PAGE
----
1. What is PrEP?
PrEP is a pill that prevents you from getting HIV. PrEP stands for Pre-Exposure Prophylaxis. The pill (Truvada) contains two substances (Tenofovir and Emtricitabine) that prevent HIV infecting the body. Truvada was originally designed to treat HIV.
PrEP provides excellent protection against HIV, even if you’d forget to use a condom.
2. How is PrEP taken?
Taking PrEP on a daily basis is the most standard. However, PrEP is also effective when taken around the time you have sex. This is known as intermittent use and may be an option for people who plan their sexual activities well.
With intermittent use, you take a double dosage (two PrEP-pills) 2 to 24 hours BEFORE sex, and two single doses at approximately 24 hours and 48 hours after the first dose.
If you have sex for more than one day, you continue until you have taken two single doses after the last sex contact. (See schedules.)
3. PrEP in the Netherlands?
PrEP is available in the Netherlands since 2016. Any doctor can prescribe PrEP but it is not covered by health insurers. However if you can afford it, this is the easiest way to get PrEP: get a prescription for PrEP from your doctor and buy the pills at the pharmacy. (You’ll pay the full price, which is around €550 for 30 pills.)
Free PrEP is only available in the Netherlands in the H-TEAM’s AMPrEP study, conduct by the Public Health Service of Amsterdam (GGD Amsterdam). In total, 376 men who have sex with men (MSM) and transgender people are participating in this study.
4. Can I buy generic PrEP in the Netherlands?
There are some good, reliable options of getting generic PrEP. ‘Generic’ means pills with the same ingredients but without the brand name Truvada. The price varies from €30 to €100 a month (if taken daily).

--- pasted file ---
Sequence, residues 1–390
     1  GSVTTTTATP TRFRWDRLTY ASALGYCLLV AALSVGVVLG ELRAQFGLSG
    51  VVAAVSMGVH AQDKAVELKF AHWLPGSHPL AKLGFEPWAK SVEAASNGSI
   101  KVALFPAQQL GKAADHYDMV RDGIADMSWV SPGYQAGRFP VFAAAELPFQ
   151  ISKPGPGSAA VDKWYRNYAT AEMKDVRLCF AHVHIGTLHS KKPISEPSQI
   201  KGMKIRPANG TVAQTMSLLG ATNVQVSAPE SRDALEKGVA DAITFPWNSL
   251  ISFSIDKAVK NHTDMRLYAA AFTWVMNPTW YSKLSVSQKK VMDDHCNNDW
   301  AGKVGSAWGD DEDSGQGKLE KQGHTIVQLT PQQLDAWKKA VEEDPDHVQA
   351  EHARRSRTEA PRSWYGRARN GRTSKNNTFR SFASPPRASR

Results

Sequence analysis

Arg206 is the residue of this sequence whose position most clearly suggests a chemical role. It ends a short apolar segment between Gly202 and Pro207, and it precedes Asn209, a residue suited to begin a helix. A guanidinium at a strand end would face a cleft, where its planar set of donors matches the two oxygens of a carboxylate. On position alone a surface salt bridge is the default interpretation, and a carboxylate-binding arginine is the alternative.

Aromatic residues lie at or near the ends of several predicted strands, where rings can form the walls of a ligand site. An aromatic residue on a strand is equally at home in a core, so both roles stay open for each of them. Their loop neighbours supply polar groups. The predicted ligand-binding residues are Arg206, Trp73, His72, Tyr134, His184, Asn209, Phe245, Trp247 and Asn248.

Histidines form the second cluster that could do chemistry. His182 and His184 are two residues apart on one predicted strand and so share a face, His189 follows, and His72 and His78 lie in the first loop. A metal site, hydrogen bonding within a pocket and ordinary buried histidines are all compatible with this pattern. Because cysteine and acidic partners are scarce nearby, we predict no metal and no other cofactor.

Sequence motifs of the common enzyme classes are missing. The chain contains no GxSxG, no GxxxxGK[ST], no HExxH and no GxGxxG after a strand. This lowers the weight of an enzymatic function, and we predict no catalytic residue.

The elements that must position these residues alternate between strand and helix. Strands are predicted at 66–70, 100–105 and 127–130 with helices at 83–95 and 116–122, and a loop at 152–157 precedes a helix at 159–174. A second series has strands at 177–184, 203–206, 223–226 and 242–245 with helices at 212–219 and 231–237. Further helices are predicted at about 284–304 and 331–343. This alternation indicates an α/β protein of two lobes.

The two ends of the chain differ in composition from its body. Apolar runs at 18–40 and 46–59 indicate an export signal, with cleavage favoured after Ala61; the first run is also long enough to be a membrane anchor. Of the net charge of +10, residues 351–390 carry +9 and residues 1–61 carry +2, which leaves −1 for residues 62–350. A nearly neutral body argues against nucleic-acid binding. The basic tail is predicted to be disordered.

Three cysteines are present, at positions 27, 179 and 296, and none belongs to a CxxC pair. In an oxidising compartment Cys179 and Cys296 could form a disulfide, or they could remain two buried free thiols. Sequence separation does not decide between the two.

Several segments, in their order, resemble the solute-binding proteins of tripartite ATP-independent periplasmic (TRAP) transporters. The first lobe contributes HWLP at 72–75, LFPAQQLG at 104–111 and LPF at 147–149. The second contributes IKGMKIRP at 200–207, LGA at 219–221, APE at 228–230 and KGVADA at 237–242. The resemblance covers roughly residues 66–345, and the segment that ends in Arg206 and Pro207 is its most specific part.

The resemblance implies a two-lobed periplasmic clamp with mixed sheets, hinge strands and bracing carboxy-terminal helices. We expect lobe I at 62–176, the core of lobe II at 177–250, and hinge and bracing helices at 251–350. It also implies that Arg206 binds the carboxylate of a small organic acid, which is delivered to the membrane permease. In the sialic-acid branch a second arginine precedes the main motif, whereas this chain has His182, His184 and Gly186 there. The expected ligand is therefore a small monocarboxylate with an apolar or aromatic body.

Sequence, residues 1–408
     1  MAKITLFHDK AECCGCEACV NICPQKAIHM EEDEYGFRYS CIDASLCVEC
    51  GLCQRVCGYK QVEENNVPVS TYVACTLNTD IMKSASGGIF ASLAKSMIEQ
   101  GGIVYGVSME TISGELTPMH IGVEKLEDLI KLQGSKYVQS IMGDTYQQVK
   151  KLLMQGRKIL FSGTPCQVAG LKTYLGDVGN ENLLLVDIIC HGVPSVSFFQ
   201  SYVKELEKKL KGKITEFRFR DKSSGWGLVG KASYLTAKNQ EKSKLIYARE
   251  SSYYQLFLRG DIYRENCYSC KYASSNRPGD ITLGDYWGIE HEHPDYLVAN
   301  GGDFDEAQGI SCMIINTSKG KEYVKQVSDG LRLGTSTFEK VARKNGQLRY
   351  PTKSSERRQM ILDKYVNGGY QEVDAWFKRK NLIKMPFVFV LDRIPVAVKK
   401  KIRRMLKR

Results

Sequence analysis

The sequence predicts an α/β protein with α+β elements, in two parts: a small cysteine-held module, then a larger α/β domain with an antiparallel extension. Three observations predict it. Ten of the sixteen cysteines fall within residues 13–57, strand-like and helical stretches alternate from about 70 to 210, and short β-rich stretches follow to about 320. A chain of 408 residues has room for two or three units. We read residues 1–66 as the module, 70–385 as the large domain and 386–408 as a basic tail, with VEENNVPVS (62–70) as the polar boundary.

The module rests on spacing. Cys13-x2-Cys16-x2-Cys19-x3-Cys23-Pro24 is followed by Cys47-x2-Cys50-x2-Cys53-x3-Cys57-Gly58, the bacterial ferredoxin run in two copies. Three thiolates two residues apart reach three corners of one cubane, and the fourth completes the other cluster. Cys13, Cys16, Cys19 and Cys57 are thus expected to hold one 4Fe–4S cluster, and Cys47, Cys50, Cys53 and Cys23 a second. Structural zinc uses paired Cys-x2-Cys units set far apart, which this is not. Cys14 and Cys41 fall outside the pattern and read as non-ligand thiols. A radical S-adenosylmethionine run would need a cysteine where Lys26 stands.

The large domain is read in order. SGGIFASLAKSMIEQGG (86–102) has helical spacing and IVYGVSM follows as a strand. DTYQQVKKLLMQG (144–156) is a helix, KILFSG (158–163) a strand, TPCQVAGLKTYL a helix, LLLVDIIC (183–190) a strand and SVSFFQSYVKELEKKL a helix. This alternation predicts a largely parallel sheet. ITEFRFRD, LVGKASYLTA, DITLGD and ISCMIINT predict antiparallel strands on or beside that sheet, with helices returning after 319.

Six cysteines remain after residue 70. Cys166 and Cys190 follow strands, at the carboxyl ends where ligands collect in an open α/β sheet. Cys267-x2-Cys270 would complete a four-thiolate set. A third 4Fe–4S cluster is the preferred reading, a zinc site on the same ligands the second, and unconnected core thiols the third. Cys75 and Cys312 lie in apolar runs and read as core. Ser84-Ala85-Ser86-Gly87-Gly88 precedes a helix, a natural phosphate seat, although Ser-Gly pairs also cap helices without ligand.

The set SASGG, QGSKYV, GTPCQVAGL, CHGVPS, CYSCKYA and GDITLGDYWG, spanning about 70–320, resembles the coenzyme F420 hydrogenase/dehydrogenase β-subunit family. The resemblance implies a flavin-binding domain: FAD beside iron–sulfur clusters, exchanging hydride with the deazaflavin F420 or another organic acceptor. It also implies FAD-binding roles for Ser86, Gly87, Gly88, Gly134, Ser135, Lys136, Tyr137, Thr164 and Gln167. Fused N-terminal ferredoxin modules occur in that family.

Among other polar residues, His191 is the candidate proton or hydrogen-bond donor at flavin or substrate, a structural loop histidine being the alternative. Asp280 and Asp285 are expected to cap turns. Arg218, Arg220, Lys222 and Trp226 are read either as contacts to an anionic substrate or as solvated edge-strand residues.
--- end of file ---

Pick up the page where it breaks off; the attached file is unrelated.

IMPORTANT: Independent PrEP-use has to be done responsibly. We have developed a protocol for safe use of generic PrEP. In the protocol we explain which tests you need to do when and where you can have them done, among other things.
There are 5 options in the Netherlands at the moment:
5. How does PrEP work?
If you protect yourself with PrEP and you are exposed to HIV, PrEP prevents HIV from entering your cells and replicating. Therefore you will remain HIV negative. PrEP is only effective when there is a sufficient amount of the active substances in your blood before you are exposed to HIV.
6. What are the benefits of PrEP?
Sex is fantastic, but you don’t always make sensible decisions once you’re all excited. PrEP protects you against HIV, even when you don’t manage to use a condom, provided that you take your pills as prescribed.
When you take PrEP, you will get checked for HIV and STIs at least every three months. PrEP only protects against HIV, in contrast to condoms that also protect against other STIs. By getting yourself checked for HIV and other STIs regularly, you can get treatment in an early stage if needed.
7. Does PrEP work?
Yes, it really works! Several studies across the world have shown that PrEP is highly effective in preventing HIV. To be effective PrEP has to be taken according the prescribed schedule. Regularity and punctuality are crucial.
8. How soon is it effective?
The time it takes for PrEP to be fully protective depends on several factors. Research shows that when used daily, it takes 4 to 7 days before the substances reach sufficient levels in the blood and the rectum. It takes more time to be effective in the vagina and the uterus. Vaginal protection is mostly reached after 3 weeks. Intermittent use of PrEP will only be effective in the blood and rectum when taken according to the prescribed schedule. Protection in the vagina with intermittent use has yet to be fully studied.
9. Are there any side effects?
Most people who take PrEP don’t experience side effects. 1 in 10 people experience mild side effects like nausea, tiredness, indigestion and headache. They usually go away on their own within a few weeks.
Tenofovir (one of the substances of Truvada) can result in a decrease in both kidney function and bone density and therefore, PrEP users are regularly monitored. PrEP studies have shown that these side effects are temporary: your body will recover once you stop taking PrEP.
10. Should I discuss PrEP with my doctor?
If you are considering to start PrEP, it is highly recommended that you discuss this with your family doctor or a doctor at the STI clinic. They will be able to help you to decide if PrEP is right for you. They will give you a few tests including the most suitable HIV test and a kidney function test.
*It is important to be absolutely sure that you DO NOT have HIV before taking PrEP..
11. How can I support PrEPnu?
You can support PrEPnu with a financial contribution. All gifts will be used for making PrEP affordably accessible in The Netherlands.